October 29, 2014
The Federal Reserve announced the official end to its quantitative-easing (QE) program Wednesday afternoon — a decision in line with expectations. The statement included a few nuances that are worth pointing out.
First, consistent with previous commentary, the Federal Open Market Committee reiterated that interest rates on U.S. Treasury bonds would remain low for “a considerable time.” Second, the committee gave an upgrade to the U.S. economy in terms of jobs, household spending, and business investment, partially offset by a slower housing market. Third, the group indicated that they no longer see the labor force as underutilized — suggesting they view the job market as improving. They also believe the likelihood of low inflation has diminished, equalling less deflation risk.
So what does all of this mean? Well, for one, the U.S. economy is better. Thursday’s first revision of the third-quarter gross domestic product (GDP) is expected to come in at a 3.2% annualized rate. It also means the return of the debate over when the Federal Reserve will raise rates. We don’t believe that they will raise rates anytime soon, and when they do it will be very gradual. But, as always, the central bank will remain data-dependent.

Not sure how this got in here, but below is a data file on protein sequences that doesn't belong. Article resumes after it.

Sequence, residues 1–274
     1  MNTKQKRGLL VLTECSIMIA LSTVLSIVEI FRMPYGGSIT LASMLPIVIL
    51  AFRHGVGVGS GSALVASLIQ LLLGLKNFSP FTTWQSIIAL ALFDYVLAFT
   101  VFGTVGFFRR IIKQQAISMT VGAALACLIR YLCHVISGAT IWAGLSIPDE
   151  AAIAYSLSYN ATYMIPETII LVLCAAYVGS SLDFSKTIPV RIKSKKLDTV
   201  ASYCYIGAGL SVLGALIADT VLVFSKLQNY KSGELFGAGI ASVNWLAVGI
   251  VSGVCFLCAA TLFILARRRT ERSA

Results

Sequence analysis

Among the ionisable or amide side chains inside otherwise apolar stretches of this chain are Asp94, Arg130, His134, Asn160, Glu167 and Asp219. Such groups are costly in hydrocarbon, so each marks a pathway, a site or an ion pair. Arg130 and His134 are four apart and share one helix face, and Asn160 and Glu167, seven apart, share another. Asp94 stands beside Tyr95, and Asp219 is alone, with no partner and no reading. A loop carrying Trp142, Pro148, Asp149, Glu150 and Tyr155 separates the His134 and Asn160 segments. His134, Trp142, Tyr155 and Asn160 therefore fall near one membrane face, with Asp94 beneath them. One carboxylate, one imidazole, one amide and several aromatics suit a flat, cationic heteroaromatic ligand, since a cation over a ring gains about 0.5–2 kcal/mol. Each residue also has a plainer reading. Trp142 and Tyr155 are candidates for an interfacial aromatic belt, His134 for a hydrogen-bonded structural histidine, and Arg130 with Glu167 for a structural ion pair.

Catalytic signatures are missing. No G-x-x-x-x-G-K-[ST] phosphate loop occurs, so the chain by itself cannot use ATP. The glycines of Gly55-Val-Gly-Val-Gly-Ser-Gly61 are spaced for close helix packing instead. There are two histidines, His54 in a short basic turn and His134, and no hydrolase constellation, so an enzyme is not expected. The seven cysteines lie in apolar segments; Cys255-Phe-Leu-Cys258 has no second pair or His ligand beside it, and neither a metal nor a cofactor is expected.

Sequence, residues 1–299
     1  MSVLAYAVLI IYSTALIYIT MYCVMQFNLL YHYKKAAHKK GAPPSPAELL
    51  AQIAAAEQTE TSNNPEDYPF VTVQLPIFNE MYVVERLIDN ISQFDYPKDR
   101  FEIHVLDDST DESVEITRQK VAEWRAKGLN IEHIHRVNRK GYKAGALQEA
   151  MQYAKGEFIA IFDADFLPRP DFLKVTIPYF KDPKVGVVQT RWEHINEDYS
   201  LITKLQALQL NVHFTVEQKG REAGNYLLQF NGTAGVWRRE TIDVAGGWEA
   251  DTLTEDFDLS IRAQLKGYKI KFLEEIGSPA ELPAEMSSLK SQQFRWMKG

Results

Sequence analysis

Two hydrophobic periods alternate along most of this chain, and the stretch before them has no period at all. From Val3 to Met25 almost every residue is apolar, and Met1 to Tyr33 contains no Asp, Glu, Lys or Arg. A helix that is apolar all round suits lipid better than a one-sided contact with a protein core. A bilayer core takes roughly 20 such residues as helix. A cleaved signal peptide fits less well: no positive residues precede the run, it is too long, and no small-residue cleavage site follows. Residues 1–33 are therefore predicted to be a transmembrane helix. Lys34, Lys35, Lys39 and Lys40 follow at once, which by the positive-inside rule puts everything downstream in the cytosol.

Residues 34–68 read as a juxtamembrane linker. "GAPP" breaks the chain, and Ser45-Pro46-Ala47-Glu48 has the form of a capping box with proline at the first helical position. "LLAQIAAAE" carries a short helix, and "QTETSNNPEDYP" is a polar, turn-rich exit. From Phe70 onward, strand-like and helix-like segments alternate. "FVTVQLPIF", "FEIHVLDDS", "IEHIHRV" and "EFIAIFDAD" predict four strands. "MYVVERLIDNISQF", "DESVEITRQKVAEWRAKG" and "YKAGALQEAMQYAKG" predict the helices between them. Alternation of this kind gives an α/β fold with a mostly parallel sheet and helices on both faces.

Again, if rates go up for the right reasons, i.e.. a better economy, that will be a positive. It also likely means that the dollar will remain strong relative to other currencies, especially given that many countries are going the other direction in terms of easier monetary policies.
If you have any questions or comments, please feel free to contact us.
H. Lee Wall, CPA/PFS, CFP®
Wall Titus, LLC